On the fringe: difference, money and milk shakes...

September 22, 2006

Higher education might not have been a big feature of platform speeches at the Liberal Democrat conference, but it made a healthy showing at fringe events.

  • Popping up in a small student event was Nick Clegg, the Liberal Democrat Shadow Home Secretary who is tipped as a future leader. Before a student theatre group in an old market hall, he and the MP Lembit Opik were asked: "What difference would voting Liberal Democrat ever have made?" "Well, you wouldn't have top-up fees for a start," Mr Clegg fired back. A fine answer in the circumstances, but one the right-leaning MP might not wish to repeat too loudly if the party begins a lively debate on top-up fees.
  • There were smiles all round at the fringe event organised by Lib Dem think-tank CentreForum, where speakers debated whether Britain could compete in a globalised world. Universities UK representatives were pleased to hear Lord Razzle, Liberal Democrat Spokesman on Trade and Industry in the Lords, offer a ringing and lengthy endorsement of universities. And his conclusion was that universities not only educated people, they brought in "a lot of money" for GB.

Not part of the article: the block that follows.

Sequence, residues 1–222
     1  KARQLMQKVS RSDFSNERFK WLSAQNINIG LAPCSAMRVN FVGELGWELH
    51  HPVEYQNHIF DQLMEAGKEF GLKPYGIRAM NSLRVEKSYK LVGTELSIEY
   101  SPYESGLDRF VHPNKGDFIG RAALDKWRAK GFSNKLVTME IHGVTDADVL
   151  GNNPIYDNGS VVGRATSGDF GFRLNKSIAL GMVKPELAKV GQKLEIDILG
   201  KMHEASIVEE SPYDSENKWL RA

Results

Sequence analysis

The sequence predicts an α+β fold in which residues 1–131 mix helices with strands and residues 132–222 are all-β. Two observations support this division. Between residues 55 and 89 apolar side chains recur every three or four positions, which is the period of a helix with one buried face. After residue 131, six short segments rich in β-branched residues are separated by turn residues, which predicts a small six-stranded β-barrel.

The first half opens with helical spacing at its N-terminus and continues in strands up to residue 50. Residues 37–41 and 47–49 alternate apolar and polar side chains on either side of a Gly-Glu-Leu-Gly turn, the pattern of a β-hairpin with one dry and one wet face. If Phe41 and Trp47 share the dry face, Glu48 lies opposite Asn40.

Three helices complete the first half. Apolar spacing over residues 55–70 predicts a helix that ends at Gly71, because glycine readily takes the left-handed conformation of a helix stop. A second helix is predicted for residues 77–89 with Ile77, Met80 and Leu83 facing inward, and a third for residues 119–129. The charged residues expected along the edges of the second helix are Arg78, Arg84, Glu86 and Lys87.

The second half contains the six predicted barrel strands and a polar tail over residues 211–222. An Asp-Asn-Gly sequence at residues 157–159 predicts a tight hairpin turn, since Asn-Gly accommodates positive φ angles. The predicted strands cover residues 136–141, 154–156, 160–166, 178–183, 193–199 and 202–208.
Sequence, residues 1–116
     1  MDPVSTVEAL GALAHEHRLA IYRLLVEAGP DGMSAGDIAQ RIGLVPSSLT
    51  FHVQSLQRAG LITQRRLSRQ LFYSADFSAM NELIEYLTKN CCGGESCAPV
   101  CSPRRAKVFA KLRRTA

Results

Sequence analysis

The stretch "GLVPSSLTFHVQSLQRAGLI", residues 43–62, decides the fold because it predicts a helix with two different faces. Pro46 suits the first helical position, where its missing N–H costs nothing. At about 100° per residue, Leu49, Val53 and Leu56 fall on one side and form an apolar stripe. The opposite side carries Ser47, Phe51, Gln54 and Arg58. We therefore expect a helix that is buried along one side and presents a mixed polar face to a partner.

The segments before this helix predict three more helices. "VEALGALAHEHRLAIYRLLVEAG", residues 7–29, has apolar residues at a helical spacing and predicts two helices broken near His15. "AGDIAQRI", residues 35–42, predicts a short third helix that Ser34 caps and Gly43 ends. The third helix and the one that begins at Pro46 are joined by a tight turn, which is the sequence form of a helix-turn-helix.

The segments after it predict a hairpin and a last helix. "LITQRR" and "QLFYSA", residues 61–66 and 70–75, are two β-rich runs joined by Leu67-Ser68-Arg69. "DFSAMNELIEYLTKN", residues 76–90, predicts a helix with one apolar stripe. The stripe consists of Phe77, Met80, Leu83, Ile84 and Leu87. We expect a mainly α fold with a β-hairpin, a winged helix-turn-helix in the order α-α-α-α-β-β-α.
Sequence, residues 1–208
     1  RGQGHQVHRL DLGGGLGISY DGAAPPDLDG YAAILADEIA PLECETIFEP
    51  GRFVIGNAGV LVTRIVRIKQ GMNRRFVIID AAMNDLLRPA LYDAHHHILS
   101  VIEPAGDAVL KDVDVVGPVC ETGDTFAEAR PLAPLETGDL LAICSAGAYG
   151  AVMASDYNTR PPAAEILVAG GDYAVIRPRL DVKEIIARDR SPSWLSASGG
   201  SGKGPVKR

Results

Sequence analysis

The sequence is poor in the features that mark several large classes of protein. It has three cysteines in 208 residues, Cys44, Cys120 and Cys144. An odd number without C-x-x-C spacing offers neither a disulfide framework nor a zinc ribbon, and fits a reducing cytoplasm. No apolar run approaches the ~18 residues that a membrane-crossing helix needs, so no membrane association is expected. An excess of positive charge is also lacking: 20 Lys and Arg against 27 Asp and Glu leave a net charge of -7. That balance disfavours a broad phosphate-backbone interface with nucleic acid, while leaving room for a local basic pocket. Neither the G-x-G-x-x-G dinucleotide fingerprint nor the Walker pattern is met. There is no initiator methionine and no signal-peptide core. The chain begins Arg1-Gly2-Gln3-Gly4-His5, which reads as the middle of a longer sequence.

• The National Union of Students, which has for years fought against tuition fees, likes to point out that hard-working students are being burdened by debts because of the cost of study, not because they party non-stop. So one had to feel for Gemma Tumelty, the NUS president, who attended a University and College Union event on "the real price of linking post-16 education to the job market and industry". A student from Bristol volunteered that he and his mates spent much of their time drinking and not working very hard. A horrified Ms Tumelty retorted that this was not the experience of most students.
  • The event organised by the NUS and Campaigning for Mainstream Universities was enlivened by the arrival of huge glasses of what looked like milk. The liquid turned out to be banana milk shake. "I think I ticked the wrong box," an NUS organiser said sheepishly.

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